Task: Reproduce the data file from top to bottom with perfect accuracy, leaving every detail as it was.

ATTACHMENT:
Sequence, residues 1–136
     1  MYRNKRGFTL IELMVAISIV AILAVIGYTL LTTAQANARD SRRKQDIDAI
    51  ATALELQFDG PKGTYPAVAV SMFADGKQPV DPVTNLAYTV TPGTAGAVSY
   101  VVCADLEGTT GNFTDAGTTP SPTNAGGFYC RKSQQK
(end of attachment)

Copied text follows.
Sequence, residues 1–136
     1  MYRNKRGFTL IELMVAISIV AILAVIGYTL LTTAQANARD SRRKQDIDAI
    51  ATALELQFDG PKGTYPAVAV SMFADGKQPV DPVTNLAYTV TPGTAGAVSY
   101  VVCADLEGTT GNFTDAGTTP SPTNAGGFYC RKSQQK